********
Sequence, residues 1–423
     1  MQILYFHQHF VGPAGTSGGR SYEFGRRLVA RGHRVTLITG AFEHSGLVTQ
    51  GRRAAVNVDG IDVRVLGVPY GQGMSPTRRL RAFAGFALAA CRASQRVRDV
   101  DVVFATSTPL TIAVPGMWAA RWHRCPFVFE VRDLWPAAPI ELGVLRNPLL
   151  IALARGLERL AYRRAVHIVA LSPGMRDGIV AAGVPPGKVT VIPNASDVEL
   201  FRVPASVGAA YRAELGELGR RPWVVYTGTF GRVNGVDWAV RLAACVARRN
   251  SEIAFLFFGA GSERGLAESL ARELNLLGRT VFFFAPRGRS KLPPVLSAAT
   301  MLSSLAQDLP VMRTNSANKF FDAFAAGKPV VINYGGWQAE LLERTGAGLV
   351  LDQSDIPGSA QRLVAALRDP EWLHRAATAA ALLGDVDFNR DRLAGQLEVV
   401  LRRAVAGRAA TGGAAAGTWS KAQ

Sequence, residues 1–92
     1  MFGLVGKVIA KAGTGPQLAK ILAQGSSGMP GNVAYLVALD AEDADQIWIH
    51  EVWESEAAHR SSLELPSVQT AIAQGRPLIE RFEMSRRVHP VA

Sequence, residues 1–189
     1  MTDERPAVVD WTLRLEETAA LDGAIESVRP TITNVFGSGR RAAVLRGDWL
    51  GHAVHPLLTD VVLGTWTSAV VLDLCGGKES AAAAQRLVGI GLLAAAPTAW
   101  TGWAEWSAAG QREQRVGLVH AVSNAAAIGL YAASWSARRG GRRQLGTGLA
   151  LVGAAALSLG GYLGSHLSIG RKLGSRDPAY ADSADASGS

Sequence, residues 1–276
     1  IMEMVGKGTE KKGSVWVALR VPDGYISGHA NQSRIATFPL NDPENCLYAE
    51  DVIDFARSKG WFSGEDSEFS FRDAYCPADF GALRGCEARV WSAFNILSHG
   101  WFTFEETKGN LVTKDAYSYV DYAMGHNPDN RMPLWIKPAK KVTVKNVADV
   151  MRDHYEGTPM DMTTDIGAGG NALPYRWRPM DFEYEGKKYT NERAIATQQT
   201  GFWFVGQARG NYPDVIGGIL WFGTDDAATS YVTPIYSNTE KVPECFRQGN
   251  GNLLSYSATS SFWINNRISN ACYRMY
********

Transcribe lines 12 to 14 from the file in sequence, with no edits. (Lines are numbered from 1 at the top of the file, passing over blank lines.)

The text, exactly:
     1  MFGLVGKVIA KAGTGPQLAK ILAQGSSGMP GNVAYLVALD AEDADQIWIH
    51  EVWESEAAHR SSLELPSVQT AIAQGRPLIE RFEMSRRVHP VA

Sequence, residues 1–189